Music has been an important part of the World Cup ever since The Three Tenors’ legendary performance 20 years ago.
On 7 July 1990, at the close of the World Cup in Rome, the three greatest tenors of the day, José Carreras, Plácido Domingo and Luciano Pavarotti joined forces to perform to thousands of people in the ancient ruins at Caracalla.
Together with conductor Zubin Mehta, the Orchestra del Teatro dell’Opera di Roma and the Orchestra del Maggio Musicale Fiorentino they performed classics such as Leonard Bernstein’s Maria, 'O sole mio and of course Nessun Dorma from Puccini’s Turandot.
The concert raised money for Carreras’ Leukaemia Foundation and took place shortly after his recovery from the disease.
It was previously unthinkable that opera would feature at the biggest international football event, but The Three Tenors were instant hits and became a regular fixture at the World Cup, performing in 1994, 1998 and 2002.
Nessun Dorma in particular gained massive popular appeal and Pavarotti’s release of the aria went to Number Two in the UK Pop Singles Chart in July 1990.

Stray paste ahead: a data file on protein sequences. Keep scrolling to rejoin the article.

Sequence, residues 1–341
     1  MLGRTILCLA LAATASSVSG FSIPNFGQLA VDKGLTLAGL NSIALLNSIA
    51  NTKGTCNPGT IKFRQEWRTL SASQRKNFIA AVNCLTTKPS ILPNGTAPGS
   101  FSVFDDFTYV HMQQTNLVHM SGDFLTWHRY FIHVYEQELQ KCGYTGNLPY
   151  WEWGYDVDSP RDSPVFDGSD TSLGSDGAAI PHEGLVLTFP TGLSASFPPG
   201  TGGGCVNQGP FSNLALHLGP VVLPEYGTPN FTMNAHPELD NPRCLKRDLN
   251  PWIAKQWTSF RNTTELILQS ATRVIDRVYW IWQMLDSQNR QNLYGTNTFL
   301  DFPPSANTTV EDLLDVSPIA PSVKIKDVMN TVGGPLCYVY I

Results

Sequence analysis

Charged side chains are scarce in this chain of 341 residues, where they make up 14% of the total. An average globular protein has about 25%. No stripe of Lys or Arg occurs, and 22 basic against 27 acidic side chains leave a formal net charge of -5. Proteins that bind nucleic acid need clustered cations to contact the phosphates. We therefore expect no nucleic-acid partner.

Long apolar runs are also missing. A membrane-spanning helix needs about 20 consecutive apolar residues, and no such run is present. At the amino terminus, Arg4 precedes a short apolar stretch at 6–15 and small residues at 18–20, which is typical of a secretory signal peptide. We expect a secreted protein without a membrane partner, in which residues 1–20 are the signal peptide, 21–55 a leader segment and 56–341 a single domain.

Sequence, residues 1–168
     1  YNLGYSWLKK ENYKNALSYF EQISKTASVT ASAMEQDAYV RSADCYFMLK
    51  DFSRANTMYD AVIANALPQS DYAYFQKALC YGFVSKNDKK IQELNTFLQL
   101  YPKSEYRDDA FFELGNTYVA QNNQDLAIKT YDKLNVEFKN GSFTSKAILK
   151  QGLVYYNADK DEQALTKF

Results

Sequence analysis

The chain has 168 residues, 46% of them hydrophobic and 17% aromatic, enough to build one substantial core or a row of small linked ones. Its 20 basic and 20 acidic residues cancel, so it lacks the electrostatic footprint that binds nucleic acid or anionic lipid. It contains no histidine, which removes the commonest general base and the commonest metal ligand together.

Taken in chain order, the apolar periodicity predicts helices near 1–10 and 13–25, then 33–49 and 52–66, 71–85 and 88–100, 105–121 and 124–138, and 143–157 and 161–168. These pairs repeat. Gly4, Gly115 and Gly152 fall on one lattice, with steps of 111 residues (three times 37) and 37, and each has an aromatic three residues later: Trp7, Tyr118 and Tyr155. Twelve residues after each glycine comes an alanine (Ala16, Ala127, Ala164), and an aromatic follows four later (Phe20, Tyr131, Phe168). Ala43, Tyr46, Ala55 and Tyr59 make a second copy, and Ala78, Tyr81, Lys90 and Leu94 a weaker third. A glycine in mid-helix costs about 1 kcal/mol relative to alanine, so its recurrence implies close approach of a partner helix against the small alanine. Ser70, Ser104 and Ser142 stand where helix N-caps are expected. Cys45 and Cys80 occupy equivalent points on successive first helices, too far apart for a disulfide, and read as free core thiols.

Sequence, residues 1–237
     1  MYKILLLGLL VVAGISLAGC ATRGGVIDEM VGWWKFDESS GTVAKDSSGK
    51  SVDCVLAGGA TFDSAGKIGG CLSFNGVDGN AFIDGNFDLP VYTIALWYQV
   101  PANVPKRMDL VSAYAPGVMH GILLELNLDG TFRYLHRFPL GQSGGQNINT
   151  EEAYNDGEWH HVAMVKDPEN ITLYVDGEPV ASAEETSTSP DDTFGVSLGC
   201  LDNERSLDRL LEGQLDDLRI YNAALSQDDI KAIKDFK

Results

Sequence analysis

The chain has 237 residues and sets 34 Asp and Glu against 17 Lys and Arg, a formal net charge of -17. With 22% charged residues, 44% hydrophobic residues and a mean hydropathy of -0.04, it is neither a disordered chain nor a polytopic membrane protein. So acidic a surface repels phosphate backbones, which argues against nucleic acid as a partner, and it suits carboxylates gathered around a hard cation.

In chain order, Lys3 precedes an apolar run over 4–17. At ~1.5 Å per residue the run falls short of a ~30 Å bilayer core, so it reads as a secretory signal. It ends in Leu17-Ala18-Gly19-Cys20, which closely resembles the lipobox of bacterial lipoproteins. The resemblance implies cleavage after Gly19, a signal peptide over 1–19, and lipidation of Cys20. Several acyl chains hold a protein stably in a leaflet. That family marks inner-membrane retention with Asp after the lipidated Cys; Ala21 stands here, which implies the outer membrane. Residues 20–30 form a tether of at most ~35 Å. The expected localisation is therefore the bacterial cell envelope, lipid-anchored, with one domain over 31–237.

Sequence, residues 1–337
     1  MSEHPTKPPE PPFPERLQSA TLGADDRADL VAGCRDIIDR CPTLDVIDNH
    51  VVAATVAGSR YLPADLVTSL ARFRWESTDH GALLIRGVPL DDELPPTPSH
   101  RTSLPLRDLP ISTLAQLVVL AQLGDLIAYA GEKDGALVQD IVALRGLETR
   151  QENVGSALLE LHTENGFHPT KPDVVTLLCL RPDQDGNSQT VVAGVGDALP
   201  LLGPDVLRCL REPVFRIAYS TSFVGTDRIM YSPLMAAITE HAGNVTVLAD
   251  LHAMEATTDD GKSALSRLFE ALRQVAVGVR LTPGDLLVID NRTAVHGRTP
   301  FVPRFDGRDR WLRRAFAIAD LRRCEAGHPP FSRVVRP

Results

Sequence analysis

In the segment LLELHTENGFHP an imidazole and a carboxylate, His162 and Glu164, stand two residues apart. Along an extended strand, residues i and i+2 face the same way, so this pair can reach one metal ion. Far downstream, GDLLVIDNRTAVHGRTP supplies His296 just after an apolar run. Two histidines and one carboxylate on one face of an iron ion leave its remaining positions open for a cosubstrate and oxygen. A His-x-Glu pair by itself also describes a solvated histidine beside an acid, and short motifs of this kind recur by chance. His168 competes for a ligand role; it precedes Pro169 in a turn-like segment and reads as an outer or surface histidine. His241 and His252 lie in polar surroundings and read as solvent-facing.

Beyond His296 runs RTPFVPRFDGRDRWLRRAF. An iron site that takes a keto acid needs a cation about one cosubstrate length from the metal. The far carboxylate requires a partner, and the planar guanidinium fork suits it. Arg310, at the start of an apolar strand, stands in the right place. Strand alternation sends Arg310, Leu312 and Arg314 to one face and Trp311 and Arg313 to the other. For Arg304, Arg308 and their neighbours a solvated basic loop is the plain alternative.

In 2006, Plácido Domingo (minus Carreras and Pavarotti) opened the World Cup in Munich, joined by the city's three orchestras, the State Opera, Philharmonic and Bavarian Radio, conductors Zubin Mehta, Christian Thielemann and Mariss Jansons, Lang Lang and soprano Diana Damrau.
The Three Tenors Spin-offs
Numerous groups have modelled themselves on The Three Tenors, including The Ten Tenors, Three Canadian Tenors and Three Mo’ Tenors. This last features three young black tenors, one from South Africa, one from Texas and one from New York. They aim to inspire young black people, who may be surprised to see black opera singers, to pursue their dreams and consider professions they might never have thought of.